Most remembered for his extravagant costumes and trademark candelabra placed on the lids of his flashy pianos, Liberace was loved by his audiences for his music talent and unique showmanship. He was born as Wladziu Valentino Liberace on May 16, 1919 into a musical family in Wisconsin. His father, Salvatore, played the French horn and his mother, Frances Zuchowsky, played the piano. His siblings, George, Angie and Rudy, also had musical ability. Liberace's own extraordinary natural talent became evident when he learned to play the piano by ear at the age of four. Although Salvatore tried to discourage his son's interest in piano, praises from Ignace Jan Paderewski, a famous Polish pianist, helped the young musician follow his musical career.As a teenager, Liberace earned wages playing popular tunes at movie theaters and speakeasies.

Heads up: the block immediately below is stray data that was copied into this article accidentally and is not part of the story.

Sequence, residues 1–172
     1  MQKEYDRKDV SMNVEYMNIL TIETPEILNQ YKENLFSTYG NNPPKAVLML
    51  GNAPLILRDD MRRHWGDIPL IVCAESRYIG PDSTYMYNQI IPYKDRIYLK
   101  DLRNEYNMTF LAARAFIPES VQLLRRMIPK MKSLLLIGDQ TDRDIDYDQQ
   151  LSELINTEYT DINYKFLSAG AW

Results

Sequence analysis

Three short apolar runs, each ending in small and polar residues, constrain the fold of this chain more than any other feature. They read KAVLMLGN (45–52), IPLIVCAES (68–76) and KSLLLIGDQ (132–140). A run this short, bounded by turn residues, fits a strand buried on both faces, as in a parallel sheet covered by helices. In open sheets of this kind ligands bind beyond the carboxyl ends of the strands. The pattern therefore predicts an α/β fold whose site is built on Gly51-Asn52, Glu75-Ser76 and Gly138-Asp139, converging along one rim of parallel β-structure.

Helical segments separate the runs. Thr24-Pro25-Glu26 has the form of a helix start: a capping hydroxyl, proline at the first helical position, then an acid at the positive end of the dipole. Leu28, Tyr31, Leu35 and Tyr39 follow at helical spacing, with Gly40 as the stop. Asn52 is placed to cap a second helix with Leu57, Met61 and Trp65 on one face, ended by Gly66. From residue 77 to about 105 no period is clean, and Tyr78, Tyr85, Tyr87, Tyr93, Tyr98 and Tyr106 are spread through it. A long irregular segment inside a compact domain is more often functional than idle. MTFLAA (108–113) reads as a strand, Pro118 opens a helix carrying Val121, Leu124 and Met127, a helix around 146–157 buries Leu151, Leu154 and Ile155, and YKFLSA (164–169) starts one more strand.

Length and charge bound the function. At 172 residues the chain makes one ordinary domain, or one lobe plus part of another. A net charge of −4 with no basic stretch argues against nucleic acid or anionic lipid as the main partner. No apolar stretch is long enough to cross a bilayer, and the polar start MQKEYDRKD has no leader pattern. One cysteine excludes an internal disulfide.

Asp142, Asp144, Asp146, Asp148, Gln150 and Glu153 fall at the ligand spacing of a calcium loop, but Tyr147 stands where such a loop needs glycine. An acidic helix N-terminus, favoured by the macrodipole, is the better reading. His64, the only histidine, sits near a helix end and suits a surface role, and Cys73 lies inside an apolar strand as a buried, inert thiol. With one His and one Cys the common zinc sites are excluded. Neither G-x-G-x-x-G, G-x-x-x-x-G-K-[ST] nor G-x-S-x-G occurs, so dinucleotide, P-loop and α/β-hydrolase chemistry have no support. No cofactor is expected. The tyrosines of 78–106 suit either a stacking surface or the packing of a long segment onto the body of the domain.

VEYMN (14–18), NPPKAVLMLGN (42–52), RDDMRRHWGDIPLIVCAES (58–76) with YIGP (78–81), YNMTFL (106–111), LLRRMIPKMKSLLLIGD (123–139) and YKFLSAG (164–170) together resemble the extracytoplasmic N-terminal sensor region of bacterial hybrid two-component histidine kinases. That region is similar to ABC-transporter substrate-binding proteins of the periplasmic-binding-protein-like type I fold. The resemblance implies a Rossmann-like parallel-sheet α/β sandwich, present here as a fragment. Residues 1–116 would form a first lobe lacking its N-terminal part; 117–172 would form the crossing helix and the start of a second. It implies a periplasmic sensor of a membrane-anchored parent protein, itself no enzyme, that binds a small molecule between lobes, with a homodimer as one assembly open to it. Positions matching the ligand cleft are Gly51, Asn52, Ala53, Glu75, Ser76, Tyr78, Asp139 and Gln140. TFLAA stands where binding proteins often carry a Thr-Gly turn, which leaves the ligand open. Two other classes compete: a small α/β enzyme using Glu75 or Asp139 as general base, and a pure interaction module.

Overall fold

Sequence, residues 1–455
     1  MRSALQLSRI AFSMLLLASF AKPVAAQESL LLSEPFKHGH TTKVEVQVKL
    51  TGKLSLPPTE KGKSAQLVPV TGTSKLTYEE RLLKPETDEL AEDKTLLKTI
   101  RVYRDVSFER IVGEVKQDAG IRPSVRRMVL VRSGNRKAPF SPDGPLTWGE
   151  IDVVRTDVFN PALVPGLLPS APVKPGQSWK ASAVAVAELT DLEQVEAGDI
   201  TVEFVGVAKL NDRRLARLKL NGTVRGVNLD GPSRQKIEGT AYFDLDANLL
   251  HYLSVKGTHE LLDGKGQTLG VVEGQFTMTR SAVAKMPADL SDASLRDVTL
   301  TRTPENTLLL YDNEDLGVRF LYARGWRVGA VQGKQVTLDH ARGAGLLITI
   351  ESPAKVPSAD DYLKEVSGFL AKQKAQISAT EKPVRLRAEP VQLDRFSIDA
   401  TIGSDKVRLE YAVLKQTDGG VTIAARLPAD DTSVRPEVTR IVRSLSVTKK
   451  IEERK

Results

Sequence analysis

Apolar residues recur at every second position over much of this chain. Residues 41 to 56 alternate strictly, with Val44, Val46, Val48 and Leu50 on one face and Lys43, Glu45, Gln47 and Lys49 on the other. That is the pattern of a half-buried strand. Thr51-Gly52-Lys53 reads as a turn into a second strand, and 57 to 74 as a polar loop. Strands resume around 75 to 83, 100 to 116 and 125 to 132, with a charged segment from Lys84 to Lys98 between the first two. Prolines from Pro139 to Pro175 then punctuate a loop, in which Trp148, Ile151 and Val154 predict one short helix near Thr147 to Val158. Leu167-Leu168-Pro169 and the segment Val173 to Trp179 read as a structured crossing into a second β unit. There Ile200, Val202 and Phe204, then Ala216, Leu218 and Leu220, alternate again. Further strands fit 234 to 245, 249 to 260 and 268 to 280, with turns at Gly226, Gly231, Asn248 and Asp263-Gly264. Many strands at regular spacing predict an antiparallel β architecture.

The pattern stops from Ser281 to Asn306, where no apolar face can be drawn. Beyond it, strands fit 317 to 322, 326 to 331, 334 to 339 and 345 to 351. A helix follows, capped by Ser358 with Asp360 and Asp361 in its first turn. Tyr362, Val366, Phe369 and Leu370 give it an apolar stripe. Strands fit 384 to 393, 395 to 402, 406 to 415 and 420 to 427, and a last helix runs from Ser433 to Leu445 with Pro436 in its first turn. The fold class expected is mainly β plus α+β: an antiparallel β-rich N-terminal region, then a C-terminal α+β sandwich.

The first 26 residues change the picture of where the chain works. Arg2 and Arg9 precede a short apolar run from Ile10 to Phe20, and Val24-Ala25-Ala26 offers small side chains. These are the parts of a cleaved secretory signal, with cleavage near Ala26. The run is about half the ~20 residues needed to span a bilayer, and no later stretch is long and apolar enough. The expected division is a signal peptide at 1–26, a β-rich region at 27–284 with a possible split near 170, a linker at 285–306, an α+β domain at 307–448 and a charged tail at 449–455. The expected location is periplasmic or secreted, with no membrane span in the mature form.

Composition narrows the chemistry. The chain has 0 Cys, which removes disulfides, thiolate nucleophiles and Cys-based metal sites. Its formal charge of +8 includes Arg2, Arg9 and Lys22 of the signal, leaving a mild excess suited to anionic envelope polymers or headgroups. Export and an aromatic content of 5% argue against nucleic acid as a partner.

Despite being proud of his son's accomplishments, Salvatore strictly opposed Liberace's preference for popular music over the classics. Pianist Florence Bettray Kelly took control of Liberace's classical training when he was 14.He debuted as a soloist with the Chicago Symphony under the direction of Dr. Frederick Stock. At age 17, Liberace joined the Works Progress Administration Symphony Orchestra. He received a scholarship to attend the Wisconsin College of Music.In 1939, after a classical recital, Liberace's audience requested the popular tune Three Little Fishes. Liberace seized the opportunity and performed the tune with a semi-classical style which the audience loved. Soon, this unique style of playing the piano got Liberace bookings in large nightclubs.By 1940, Liberace was traveling with his custom-made piano on top of which he would place his candelabrum. He then took Paderewski's advice and dropped Wladziu and Valentino to become simply Liberace. South Sea Sinner, a movie with Shelley Winters, was Liberace's film debut. He played a honky tonk pianist in the movie, which opened in 1950.In 1952, The Liberace Show, a syndicated television program, turned Liberace into a musical symbol. It began as a summertime replacement for The Dinah Shore Show, but after two years, the show was one of the most popular on TV. It was carried by 217 American stations and could be seen in 20 foreign countries. Sold-out live appearances at Madison Square Garden enhanced the pianist's popularity even more. Soon, Liberace added flamboyant costumes and expensive ornaments to his already unique performances. His second movie, Sincerely Yours, opened in 1955, and Liberace wrote his best-selling autobiography, Liberace, in 1972. His first book, Liberace Cooks went into seven printings.In 1977, Liberace founded the non-profit Liberace Foundation for the Performing and Creative Arts. The year 1978 brought the opening of The Liberace Museum in Las Vegas, Nevada, which serves as key funding for the Liberace Foundation. The profits from the museum provide scholarship money for financially needy college musicians. He continued performing until the fall of 1986, despite suffering from heart disease and emphysema during the most of the 1980s. A closeted homosexual his entire life, Liberace was secretly diagnosed with AIDS sometime in 1986, which he also kept it a secret from the public until the day he died. His last concert performance was at Radio City Music Hall on November 2, 1986. He passed away in his Palm Springs home on February 4, 1987 at age 67.Liberace was bestowed with many awards during his lifetime including: Instrumentalist of the Year, Best Dressed Entertainer, Entertainer of the Year, two Emmy Awards, six gold albums, and two stars on the Hollywood Walk of Fame. In The Guinness Book of World Records, he has been listed as the world's highest paid musician and pianist. Liberace was an extremely talented and versatile man. He not only played the piano, but sang, danced and joked during his performances. In fact, one of Liberace's biggest accomplishments was his ability to turn a recital into a show full of music, glitter and personality.